Brady hearing over. One of the more interesting parts was when Judge Berman peppered Daniel Nash (attorney on behalf of NFL) on how the four-game suspension breaks down.

"Which of the four games was attributed to ball tampering and which to failure to cooperate?" Judge Berman asked.

"The award doesn't specify and there's no requirement to break it down that way," Nash replied. "Taking the record as a whole, (Goodell) determined four games."

Judge Berman then explored why Goodell compared the penalty Brady's alleged offense with that of steroid use.

"Clearly, it's a fair question to pose Mr. Goodell felt he had to explain (the penalty)," Judge Berman said. "But it only raised more questions because I still don't see how four games compares to a player using steroids or masking agents."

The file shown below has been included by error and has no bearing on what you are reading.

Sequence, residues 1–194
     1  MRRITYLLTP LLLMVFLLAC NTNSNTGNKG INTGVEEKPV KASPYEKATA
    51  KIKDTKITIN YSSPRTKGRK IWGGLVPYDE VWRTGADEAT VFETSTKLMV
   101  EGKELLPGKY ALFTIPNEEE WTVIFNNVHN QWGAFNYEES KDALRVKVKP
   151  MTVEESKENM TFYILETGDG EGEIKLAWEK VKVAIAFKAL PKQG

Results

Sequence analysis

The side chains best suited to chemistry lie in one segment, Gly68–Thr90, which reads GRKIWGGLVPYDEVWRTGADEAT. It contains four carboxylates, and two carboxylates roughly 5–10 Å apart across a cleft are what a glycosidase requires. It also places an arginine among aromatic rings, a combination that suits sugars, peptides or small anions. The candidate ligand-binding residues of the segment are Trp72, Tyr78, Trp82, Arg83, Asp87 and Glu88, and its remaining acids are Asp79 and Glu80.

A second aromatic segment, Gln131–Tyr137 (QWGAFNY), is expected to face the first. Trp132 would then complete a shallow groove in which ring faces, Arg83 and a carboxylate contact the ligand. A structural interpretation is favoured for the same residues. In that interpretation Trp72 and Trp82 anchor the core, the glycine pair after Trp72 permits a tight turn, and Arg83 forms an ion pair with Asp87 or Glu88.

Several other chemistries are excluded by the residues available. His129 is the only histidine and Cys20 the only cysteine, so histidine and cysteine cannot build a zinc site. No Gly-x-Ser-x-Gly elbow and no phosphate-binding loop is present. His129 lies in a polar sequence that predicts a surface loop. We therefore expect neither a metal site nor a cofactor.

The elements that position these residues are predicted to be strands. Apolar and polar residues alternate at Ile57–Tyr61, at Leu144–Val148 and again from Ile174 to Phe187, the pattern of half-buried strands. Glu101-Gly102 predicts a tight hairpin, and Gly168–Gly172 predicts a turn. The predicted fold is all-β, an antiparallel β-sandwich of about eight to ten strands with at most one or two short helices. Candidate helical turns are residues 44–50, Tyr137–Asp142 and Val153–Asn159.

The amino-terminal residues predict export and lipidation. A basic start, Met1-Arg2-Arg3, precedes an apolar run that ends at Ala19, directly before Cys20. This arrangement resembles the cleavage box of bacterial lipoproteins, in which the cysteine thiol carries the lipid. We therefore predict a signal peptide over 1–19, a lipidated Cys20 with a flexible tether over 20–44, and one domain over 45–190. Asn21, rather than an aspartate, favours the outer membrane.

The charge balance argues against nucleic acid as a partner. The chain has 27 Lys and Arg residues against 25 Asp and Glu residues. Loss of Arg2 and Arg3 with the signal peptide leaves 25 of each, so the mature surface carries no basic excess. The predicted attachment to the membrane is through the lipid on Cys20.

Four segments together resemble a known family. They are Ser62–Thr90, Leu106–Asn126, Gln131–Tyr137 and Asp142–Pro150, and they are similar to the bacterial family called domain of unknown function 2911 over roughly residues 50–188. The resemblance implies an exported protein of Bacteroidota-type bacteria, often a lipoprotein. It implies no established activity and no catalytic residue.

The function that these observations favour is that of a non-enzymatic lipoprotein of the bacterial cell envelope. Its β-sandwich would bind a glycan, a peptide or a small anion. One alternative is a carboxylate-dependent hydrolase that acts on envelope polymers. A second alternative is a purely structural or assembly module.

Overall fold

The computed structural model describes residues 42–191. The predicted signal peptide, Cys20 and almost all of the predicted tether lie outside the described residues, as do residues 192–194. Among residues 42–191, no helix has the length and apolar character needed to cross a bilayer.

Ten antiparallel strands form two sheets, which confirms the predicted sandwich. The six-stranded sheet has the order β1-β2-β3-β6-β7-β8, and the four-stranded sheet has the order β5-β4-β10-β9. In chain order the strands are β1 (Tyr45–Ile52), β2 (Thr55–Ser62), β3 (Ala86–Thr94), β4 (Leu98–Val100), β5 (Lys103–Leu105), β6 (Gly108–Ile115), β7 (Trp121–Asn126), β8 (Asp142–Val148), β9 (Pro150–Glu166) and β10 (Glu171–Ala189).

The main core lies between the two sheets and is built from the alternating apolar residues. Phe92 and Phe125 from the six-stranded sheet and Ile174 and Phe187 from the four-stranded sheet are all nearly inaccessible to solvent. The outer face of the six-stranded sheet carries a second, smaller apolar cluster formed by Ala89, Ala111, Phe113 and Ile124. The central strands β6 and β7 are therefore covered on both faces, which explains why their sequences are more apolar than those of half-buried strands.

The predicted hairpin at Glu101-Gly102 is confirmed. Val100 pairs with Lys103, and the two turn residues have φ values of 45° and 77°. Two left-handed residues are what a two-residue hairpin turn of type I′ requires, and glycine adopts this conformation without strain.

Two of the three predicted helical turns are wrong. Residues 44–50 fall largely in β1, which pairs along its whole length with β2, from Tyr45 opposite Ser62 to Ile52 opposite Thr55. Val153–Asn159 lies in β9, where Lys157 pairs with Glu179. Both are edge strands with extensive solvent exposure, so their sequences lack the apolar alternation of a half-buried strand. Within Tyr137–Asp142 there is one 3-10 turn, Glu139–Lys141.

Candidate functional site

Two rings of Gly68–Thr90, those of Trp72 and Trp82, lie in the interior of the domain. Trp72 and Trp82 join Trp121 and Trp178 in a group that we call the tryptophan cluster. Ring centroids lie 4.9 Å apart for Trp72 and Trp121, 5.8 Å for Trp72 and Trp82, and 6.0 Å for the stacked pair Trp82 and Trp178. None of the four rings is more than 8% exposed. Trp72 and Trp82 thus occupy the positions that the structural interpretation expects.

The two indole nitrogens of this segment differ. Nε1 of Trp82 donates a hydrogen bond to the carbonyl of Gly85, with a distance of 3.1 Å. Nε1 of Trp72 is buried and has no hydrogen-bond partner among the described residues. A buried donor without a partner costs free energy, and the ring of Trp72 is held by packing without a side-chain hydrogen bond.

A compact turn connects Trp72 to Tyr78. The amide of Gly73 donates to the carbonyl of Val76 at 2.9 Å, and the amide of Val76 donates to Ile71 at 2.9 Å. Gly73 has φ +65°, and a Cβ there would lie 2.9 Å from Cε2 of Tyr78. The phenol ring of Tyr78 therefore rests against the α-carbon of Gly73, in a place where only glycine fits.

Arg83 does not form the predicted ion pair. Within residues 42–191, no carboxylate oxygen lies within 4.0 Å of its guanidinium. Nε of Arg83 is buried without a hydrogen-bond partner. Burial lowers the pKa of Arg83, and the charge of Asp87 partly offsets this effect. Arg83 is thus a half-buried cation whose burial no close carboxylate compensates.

Nash countered by pointing to the "integrity of the game" clause, to which Judge Berman echoed an argument from the NFLPA that "everything goes back to the integrity of the game."

Among other things, Judge Berman used this line of questioning to once again poke holes in the NFL's case. His motive for a settlement here is clear and perhaps his trying to get the NFL to state how the suspension broke down was an attempt to nudge this case closer to a settlement.

"There are enough strengths and weaknesses on both sides," Judge Berman stated. "That would lead all the more to a settlement. That seems like the logical and rational outcome. It doesn't mean it's going to happen."

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